SHARE
Josh Brown plays and teaches violin. Josh Brown | Courtesy

If you walk into the lowest floor of the Howard Music Hall on a weekday, you may occa­sionally hear a young student bowing through “Twinkle Twinkle Little Star” on a violin, accom­panied by a college-age instructor.

One of these instructors, senior Josh Brown, teaches 12 beginner vio­linists at the Howard Music Hall and at Gier Ele­mentary School in Hillsdale. Brown’s stu­dents are gen­erally children ages 5 through 8 years old, which he says brings both blessings and chal­lenges.

“Younger children are usually easier to teach due to having no pre­con­ceived notions of what it means to play the violin,” Brown said. “The biggest chal­lenge, however, is under­standing and adapting to each student’s indi­vidual learning style.”  

Junior Keely Rendle first learned violin through the Suzuki Method, a teaching approach that applies the concept of learning a lan­guage or native tongue to rec­og­nizing the noises and sounds of a violin. Rendle teaches three stu­dents, two on campus. She also works as an observer and assistant to senior Laura Salo who teaches a Suzuki class to local children.

Both Brown and Rendle first got involved in teaching through Melissa Knecht, pro­fessor of music. Rendle began teaching violin last spring as a sophomore, and Brown began teaching during his junior year.

“I really enjoyed it from the beginning as a fun outlet,” Brown said. “Teaching violin to stu­dents adds an entirely new dimension to the instrument that I had not con­sidered.”

Most lessons for beginning vio­linists last about a half hour.

“For myself, I did not start doing lessons lasting forty-five minutes to an hour until my sophomore year of high school,” Rendle said.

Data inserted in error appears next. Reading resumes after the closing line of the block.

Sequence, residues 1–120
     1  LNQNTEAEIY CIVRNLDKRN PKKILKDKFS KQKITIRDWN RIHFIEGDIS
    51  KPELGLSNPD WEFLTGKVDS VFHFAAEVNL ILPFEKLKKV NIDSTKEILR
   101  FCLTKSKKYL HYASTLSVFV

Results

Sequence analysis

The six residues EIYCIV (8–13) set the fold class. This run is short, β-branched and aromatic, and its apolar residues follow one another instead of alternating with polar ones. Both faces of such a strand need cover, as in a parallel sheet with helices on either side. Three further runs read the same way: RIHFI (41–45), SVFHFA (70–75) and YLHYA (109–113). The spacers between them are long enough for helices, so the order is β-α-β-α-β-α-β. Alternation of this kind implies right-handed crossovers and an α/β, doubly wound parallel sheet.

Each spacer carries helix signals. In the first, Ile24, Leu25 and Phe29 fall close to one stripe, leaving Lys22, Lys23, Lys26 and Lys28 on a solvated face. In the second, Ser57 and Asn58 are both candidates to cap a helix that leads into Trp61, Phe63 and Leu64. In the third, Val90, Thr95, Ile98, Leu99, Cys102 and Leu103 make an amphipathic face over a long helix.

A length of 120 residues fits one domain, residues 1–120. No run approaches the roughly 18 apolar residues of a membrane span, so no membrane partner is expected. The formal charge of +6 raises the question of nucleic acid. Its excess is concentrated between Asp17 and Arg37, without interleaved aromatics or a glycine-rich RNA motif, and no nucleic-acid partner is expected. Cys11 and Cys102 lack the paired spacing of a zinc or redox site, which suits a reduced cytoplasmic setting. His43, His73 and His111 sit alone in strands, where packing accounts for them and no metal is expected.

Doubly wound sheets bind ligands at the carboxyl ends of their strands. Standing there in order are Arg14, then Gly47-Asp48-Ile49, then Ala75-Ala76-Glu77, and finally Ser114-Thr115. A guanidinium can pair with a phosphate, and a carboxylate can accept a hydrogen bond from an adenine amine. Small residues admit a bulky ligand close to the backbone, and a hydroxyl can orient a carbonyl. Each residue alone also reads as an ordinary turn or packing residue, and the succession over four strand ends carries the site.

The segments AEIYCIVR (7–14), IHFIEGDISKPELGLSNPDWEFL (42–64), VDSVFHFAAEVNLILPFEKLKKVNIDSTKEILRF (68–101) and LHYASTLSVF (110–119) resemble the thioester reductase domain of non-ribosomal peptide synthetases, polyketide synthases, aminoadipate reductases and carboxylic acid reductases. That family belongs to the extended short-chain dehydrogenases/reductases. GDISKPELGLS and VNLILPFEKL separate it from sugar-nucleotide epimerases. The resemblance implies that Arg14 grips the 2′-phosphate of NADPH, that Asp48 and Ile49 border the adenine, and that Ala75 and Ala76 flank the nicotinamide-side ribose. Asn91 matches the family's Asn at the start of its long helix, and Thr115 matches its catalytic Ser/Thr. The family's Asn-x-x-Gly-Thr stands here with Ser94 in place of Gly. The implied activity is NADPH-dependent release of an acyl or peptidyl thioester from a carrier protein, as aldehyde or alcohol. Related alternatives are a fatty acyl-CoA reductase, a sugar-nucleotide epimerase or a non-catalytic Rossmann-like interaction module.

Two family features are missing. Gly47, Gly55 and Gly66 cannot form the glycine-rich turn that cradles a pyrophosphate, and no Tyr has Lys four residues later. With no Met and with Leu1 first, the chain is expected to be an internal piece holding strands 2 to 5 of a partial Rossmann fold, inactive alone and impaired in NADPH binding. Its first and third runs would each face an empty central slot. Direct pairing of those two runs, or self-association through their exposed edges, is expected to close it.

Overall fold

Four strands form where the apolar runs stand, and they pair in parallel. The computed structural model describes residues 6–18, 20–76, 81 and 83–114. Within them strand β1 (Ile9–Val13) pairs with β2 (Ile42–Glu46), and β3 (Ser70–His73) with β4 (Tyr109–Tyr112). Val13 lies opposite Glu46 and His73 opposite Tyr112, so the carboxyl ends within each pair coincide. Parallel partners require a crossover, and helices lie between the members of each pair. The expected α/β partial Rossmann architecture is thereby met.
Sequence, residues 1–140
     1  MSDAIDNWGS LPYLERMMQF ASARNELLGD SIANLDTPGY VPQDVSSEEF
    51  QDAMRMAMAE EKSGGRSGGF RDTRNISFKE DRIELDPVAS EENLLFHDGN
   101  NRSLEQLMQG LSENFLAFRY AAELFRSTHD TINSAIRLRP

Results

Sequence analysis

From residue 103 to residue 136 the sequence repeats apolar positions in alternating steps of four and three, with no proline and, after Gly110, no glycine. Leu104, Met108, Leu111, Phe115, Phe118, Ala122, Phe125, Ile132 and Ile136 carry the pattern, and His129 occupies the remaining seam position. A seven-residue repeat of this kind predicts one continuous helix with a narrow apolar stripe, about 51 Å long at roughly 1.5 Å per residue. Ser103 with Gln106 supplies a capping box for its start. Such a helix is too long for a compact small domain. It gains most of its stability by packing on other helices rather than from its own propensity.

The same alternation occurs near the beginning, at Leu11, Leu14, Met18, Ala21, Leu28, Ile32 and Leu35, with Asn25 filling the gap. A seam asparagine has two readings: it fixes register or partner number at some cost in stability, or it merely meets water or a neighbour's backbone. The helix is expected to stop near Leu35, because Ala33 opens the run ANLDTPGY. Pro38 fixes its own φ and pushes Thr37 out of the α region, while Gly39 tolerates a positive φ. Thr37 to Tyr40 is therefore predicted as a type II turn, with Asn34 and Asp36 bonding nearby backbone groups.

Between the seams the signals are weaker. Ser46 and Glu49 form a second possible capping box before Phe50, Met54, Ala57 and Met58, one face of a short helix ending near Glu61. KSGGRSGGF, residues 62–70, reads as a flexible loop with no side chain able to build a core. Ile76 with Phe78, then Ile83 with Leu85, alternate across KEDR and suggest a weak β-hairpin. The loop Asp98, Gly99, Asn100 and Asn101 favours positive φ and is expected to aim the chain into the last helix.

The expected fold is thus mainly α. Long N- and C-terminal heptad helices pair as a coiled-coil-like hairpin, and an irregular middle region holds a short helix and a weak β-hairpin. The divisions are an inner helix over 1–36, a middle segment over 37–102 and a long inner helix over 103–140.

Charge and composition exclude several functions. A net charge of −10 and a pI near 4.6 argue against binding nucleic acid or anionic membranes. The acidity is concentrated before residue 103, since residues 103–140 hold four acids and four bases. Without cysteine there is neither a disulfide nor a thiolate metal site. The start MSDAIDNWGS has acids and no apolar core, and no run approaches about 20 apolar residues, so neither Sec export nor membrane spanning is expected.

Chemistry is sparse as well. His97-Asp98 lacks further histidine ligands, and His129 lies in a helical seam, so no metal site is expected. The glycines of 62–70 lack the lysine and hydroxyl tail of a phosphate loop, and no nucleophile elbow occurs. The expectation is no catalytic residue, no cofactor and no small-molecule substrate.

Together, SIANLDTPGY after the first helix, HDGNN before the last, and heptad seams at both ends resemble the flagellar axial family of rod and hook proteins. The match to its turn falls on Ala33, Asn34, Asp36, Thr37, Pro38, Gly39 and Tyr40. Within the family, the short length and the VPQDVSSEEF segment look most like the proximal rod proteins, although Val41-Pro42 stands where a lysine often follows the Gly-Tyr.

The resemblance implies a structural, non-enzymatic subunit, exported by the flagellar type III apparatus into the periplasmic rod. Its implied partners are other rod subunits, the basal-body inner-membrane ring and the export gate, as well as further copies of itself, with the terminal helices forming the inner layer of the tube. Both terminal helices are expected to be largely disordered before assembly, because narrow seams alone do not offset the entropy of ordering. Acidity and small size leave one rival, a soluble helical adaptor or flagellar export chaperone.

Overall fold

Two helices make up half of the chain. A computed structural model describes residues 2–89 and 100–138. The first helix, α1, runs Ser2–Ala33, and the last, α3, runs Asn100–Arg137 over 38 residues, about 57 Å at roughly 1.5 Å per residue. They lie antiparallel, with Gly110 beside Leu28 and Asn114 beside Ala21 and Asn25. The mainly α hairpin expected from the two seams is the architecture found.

The time length can pose some chal­lenges depending on the attention span of the stu­dents, so instructors will some­times introduce games to break up the monotony.

“For some younger children, this can be a chal­lenge,” Brown said. “I’ll some­times try and change things up with a game or having them step away for a few minutes to come back with a fresh mindset.”

Salo agreed that it’s good to be cre­ative in helping stu­dents learn.

“Remember that every student is an indi­vidual,” she said. “What worked for one student might not work for another student. However, I have never met a student who couldn’t learn. So there is a way to teach every student, you just have to find that way.”

Of course, the job can be dif­ficult some days.

“There are moments that are chal­lenging when you wonder if you have done a good job with a student,” Rendle said.

However, Rendle added the expe­rience is beyond rewarding. One moment in par­ticular stood out for her when an adult student thanked her and expressed appre­ci­ation for her instruction. “Those moments are encour­aging,” Rendle said. “It’s fun when I see a student make progress and they enjoy it.”

“I would tell someone inter­ested in teaching violin to enjoy the lessons they teach. If they are having fun, their student will also have fun,” Salo explained.“

Brown agreed.

“It has to come from a place of wanting to help young people learn,” he  said. “The biggest joy comes from watching stu­dents struggle with some­thing and then it clicks — that moment of clarity. If you do it because you enjoy seeing the process, it is very rewarding.”